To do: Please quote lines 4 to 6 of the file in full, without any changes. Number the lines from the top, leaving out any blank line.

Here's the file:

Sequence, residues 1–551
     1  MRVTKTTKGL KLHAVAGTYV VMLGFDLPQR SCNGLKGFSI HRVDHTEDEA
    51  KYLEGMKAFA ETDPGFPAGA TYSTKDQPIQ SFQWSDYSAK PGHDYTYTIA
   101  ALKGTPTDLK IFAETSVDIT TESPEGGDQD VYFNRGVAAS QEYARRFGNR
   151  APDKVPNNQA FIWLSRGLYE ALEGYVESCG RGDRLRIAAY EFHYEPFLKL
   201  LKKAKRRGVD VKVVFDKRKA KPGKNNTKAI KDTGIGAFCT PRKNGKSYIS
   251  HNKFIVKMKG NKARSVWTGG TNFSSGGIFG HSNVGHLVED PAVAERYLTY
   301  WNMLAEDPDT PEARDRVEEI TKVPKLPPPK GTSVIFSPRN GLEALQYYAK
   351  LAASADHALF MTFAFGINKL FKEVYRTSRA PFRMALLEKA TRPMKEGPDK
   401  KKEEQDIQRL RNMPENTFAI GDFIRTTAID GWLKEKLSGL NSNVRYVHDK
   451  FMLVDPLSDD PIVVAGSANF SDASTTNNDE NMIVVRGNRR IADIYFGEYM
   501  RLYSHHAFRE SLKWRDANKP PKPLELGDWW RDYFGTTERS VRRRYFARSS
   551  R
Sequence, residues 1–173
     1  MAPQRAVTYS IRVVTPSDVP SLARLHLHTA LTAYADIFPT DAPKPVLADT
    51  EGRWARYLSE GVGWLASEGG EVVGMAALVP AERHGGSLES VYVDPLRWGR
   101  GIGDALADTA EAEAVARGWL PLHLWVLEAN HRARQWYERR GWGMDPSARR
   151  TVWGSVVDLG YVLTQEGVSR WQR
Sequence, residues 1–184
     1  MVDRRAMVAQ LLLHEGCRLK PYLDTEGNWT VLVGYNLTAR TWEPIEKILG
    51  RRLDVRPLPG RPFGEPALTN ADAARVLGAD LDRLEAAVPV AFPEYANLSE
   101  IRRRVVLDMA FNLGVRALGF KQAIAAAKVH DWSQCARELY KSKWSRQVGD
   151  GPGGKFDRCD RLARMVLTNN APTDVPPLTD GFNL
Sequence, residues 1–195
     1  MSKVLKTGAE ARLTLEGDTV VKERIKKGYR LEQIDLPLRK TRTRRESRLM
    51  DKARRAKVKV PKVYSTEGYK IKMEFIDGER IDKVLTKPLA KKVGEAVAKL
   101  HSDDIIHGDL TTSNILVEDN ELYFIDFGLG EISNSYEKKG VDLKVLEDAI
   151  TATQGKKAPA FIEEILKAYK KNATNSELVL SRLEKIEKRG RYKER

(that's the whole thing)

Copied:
   101  ALKGTPTDLK IFAETSVDIT TESPEGGDQD VYFNRGVAAS QEYARRFGNR
   151  APDKVPNNQA FIWLSRGLYE ALEGYVESCG RGDRLRIAAY EFHYEPFLKL
   201  LKKAKRRGVD VKVVFDKRKA KPGKNNTKAI KDTGIGAFCT PRKNGKSYIS